February 1, 2020
With the latest trends in business pivoting towards the incorporation of technology for just about every task, automation has greatly revamped the playing field. Technology has come a long way and it aids your business in so many ways ranging from enterprise resource modules to digital accounting journals. All this tech runs on a combination of software and hardware, and with each advancement, you will be upgrading your tech too which means you will need someone to govern this domain. The solution most small businesses come up with is having an IT department comprising of one individual. This isn’t the best way to go about this at all because while an IT person can help you with troubleshooting simple software or figure out why your keyboard won’t connect; they can’t oversee and execute complex tasks such as data management and server maintenance. To answer this problem, one of the ways to handle all technology related aspects in an office space is to hire an MSP.
An MPS – Managed Service Provider, works to manage and centralize all the IT for a small business and their duties would entail technical tasks such as managing your company’s networking, server upkeep, helpdesk queries and desktop support revolving around a lot of problems that may surface in the office and would give your resident IT employee a lot of trouble. MSPs also help you in setting up specialized software to help run your business better and handle their upkeep. Therefore, an MSP has a lot more to offer in the skills department and more often than not have a team of very qualified personnel to handle jobs around an office space. But you can’t always consider opting for an MSP to manage your IT because there are several factors that need to be considered when employing one such as whether your technology is complex enough to hire a specialized professional or whether you need an on-site person as opposed to virtual tech assistance. Below are the pros and cons that come with MSPs.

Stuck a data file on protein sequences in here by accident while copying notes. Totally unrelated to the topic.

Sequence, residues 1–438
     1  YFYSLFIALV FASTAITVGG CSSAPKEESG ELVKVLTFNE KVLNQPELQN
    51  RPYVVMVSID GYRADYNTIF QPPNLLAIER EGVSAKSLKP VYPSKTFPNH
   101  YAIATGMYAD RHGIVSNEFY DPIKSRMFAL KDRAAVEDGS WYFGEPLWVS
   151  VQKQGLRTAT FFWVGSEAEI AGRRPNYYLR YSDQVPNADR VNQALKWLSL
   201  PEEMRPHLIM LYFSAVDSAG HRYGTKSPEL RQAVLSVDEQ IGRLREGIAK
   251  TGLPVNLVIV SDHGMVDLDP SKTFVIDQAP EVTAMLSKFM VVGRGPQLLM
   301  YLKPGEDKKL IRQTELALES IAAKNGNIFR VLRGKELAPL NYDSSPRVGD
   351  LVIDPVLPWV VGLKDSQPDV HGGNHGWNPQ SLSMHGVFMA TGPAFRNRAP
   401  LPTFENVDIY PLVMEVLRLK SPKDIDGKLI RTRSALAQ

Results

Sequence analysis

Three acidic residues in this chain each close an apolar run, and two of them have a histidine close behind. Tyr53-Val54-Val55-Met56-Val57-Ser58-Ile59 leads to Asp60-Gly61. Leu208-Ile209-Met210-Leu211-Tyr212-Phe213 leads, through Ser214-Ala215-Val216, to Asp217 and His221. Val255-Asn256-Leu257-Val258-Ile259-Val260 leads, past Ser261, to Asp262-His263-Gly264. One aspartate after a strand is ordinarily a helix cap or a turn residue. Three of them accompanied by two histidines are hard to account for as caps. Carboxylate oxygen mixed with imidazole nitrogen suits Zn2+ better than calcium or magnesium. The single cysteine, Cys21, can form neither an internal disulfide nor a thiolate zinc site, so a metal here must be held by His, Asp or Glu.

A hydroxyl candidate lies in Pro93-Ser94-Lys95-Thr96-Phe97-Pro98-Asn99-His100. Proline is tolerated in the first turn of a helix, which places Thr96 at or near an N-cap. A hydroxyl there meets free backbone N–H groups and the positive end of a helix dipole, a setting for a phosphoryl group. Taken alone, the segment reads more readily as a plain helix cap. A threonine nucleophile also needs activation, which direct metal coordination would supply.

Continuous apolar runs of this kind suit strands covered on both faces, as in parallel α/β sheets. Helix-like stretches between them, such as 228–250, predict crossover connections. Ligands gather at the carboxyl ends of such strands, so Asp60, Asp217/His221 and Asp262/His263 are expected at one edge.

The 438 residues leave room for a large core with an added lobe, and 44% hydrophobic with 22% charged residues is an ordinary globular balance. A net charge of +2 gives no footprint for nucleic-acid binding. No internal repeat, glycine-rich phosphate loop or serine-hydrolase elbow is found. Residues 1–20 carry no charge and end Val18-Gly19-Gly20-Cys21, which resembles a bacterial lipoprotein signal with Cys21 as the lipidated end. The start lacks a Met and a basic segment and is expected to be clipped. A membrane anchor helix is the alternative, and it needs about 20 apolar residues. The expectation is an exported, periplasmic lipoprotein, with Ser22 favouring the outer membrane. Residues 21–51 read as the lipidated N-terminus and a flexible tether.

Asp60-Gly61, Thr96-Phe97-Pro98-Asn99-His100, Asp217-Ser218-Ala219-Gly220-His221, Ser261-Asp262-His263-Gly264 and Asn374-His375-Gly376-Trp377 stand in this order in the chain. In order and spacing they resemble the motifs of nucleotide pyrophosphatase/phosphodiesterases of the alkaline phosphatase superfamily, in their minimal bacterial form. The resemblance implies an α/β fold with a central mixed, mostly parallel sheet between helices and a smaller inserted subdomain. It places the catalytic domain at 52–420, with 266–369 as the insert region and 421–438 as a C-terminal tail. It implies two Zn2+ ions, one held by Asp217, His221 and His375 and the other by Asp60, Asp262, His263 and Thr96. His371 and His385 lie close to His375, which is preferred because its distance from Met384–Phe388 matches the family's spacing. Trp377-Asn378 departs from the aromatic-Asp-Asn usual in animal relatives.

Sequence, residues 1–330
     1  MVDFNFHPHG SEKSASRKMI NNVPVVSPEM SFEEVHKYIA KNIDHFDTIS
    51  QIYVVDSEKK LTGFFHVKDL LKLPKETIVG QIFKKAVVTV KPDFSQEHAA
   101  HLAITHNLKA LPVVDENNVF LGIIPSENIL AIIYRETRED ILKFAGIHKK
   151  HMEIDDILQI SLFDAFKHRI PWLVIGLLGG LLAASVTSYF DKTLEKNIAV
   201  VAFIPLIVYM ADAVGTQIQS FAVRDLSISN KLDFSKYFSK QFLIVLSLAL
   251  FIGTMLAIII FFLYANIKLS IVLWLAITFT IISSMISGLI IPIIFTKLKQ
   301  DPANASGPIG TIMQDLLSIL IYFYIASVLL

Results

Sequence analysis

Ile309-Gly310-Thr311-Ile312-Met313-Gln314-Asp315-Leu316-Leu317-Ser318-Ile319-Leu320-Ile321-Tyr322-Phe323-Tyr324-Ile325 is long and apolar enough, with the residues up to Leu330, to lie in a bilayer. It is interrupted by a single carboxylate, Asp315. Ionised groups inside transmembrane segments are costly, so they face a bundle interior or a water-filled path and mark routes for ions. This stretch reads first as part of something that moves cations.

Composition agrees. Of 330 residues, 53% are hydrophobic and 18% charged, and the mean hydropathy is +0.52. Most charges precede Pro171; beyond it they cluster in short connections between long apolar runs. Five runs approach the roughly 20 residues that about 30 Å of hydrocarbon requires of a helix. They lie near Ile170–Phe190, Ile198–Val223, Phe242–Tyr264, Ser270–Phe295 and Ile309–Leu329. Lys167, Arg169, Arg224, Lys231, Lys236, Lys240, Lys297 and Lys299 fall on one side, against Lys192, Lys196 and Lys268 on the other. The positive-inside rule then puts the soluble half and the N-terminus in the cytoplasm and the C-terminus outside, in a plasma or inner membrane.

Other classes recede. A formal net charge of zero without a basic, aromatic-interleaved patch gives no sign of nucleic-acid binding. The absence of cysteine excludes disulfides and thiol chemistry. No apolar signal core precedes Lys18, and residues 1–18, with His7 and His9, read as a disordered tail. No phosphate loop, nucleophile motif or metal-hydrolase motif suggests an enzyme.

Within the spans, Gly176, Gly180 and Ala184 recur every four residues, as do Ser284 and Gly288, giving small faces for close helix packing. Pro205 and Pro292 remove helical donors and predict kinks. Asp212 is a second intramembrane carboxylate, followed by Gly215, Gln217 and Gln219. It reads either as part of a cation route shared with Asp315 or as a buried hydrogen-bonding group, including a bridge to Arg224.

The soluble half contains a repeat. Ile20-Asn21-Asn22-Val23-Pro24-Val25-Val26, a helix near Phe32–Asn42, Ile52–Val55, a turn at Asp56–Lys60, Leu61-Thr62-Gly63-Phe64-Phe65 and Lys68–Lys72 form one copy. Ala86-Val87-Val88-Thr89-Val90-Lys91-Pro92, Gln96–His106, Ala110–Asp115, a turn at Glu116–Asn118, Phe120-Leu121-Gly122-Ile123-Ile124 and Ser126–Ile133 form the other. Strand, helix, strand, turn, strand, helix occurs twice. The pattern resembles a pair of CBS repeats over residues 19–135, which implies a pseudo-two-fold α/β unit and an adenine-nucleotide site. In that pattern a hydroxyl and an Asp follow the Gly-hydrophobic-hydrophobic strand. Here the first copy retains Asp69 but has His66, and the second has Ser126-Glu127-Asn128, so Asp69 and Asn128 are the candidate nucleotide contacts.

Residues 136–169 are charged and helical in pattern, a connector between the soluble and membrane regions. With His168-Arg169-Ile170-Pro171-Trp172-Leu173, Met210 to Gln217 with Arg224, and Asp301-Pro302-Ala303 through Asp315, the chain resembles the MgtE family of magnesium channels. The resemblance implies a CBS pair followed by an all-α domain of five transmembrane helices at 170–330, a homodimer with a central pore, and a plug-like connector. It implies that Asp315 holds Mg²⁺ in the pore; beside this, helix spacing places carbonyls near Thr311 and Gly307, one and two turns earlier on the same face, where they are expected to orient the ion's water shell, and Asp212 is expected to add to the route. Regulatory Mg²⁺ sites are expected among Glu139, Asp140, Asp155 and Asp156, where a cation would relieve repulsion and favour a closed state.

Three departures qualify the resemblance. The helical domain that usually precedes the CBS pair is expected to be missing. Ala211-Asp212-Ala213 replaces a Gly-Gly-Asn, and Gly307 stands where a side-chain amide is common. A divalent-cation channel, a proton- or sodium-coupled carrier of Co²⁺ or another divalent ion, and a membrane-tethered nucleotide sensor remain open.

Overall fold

1) A Newer more Effective Model
An MSP functions by constantly monitoring the status of your technology as well as also considering all the tech-related queries they get from your staff. The semantics coupled with their knowledge of your software, hardware, and network keep the MSP updated and prepared in case of any anomaly or issue.
2) Embedded Tech
MSP provides small businesses with automation solutions by incorporating business-friendly software on the office systems as well as provide most of the technology for your set up too such as workstations and servers. This saves you quite a lot of space and investment in tech so you can focus on your business plan first and foremost.
MSPs are exceptionally skilled and have a variety of expertise under their belt so they’re a complete arsenal when compared to a singular computer guy in the office.
1) Remote Access
An MSP operates remotely and virtually so in case of any on-site issues like printer connectivity or a hardware failure inside the office, you will need to get involved yourself as the MSP guides you remotely.
Given their skillset and technology, you can already guess that employing an MSP would be an expensive venture. However, if your business cannot sustain one then it is a much wiser move to opt out.
For a business that has IT as a key component to their business plan, an MSP could be a very useful asset and since it liberates you completely of all IT related issue resolving, you can use that energy and time elsewhere for your business.